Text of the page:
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Wednesday, March 6, 2013

Kentucky Changes Prescription Drug Law

The American prescription drug abuse epidemic has affected some states more than others; in turn, states have differed on how to combat the problem. There are a number of opinions floating around regarding the subject, some believe that shutting down "pill mills" and pain management clinics is all that is needed, while others believe that restricting doctors abilities to prescribe narcotics is the answer. Maybe both groups are right!

Last year legislation was passed in the state of Kentucky that was designed to make it harder for people to obtain opiate pain medication. The new rules were successful in a number of ways; however, there were some unforeseen consequences. In an effort to fix the problem, Kentucky Governor Steve Beshear approved legislation this week altering the state’s new prescription drug law making it easier for patients in hospitals, nursing homes, and hospice centers to receive painkillers.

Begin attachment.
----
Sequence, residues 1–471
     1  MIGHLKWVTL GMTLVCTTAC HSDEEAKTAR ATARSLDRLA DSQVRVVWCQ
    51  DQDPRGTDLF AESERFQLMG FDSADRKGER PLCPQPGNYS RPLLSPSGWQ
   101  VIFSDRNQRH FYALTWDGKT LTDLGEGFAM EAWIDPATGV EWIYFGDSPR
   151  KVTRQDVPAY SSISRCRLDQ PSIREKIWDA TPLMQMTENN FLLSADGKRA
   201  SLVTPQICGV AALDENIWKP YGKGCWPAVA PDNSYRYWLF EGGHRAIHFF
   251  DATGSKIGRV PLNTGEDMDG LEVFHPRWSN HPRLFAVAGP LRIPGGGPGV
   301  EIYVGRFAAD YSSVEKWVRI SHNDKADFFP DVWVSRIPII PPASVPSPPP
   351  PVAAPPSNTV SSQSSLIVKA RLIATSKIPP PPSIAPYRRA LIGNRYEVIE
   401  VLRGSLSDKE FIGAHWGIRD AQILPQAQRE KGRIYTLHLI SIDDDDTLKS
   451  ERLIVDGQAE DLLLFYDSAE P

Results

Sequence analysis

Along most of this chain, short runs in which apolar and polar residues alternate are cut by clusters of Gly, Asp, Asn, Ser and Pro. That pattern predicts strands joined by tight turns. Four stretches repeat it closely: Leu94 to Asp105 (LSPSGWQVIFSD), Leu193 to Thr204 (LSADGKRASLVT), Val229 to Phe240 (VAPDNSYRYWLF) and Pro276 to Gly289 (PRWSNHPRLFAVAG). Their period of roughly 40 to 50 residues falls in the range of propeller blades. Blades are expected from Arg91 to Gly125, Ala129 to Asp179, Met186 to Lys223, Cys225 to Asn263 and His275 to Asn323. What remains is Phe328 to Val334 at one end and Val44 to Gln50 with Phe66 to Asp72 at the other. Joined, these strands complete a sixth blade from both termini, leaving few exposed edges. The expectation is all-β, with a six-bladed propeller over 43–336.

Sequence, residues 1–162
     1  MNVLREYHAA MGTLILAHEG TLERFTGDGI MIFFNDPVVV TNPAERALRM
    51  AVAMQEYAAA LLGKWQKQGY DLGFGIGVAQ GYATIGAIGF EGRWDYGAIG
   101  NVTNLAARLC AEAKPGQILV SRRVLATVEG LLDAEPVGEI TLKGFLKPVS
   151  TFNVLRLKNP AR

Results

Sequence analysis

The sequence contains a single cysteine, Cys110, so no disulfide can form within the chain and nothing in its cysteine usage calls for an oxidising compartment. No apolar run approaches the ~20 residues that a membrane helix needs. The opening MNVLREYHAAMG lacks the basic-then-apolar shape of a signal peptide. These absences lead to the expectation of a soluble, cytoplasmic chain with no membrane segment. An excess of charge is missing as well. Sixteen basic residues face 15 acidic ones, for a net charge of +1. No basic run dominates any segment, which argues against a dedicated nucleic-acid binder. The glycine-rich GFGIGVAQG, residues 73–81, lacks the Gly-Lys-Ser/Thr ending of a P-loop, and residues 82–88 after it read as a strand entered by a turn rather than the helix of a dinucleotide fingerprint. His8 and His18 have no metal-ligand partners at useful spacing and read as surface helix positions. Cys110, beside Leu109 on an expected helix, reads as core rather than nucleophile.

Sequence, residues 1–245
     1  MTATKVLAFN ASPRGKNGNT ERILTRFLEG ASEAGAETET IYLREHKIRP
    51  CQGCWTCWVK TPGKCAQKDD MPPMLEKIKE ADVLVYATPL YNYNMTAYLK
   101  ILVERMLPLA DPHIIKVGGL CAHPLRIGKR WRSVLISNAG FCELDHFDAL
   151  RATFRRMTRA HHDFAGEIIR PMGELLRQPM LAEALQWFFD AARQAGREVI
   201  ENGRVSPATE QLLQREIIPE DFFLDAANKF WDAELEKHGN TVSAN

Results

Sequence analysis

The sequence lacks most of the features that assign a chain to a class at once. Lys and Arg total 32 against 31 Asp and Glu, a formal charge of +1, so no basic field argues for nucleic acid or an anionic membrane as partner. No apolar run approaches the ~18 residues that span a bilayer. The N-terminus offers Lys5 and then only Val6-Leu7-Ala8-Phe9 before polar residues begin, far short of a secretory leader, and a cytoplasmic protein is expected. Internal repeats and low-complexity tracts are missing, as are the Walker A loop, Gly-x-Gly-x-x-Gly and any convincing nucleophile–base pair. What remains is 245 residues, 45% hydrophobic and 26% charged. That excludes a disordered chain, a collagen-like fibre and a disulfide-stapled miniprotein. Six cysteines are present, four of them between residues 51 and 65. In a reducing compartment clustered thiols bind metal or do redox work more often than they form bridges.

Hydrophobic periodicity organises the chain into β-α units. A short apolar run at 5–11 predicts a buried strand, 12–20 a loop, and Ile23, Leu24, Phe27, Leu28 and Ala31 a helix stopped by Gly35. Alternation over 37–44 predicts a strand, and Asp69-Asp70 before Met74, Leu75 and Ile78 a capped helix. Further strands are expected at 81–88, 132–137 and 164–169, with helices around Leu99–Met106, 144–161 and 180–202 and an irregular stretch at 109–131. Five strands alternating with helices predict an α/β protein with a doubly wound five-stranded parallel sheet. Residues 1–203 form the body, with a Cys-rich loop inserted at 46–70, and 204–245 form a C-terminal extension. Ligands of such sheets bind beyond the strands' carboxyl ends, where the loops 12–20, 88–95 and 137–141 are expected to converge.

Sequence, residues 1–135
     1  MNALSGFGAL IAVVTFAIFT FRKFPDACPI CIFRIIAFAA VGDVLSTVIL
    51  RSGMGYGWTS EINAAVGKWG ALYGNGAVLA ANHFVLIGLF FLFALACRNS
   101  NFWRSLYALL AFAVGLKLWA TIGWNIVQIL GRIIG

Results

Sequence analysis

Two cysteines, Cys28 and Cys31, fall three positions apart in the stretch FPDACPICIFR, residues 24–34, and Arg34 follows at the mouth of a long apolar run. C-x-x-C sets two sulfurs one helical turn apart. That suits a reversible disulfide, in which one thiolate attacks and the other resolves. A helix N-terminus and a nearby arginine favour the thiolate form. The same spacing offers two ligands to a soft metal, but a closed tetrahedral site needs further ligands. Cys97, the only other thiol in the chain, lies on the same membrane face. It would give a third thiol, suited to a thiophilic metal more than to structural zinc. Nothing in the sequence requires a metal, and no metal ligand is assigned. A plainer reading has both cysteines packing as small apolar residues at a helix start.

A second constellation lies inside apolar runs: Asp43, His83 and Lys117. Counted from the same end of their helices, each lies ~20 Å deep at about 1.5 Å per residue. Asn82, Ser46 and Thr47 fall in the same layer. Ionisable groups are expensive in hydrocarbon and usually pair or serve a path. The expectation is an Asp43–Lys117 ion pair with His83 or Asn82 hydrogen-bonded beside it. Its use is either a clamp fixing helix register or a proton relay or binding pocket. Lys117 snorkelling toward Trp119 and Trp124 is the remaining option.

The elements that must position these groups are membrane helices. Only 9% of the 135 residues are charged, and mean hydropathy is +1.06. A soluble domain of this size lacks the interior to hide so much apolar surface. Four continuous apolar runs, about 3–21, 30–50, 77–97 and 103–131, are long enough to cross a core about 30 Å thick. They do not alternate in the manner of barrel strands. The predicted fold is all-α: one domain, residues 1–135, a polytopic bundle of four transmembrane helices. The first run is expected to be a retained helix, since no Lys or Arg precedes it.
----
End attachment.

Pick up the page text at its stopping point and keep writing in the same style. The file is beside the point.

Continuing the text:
The original law had the unintended consequence of making it very difficult for patients in institutional settings to obtain pain relief, the Associated Press reports.  


“House Bill 1, which passed last year, was a remarkable and comprehensive effort to create real and substantial changes to upend prescription drug abuse, and it’s working,” Governor Beshear said in a news release. “Unlicensed pain management clinics have closed up shop. Prescriptions for the most addictive drugs have dropped every month since implementation. However, we recognized that a few issues needed to be worked out for the comfort of the most pain-stricken patients and for the practical needs of physicians, particularly in in-patient and long-term care settings.”
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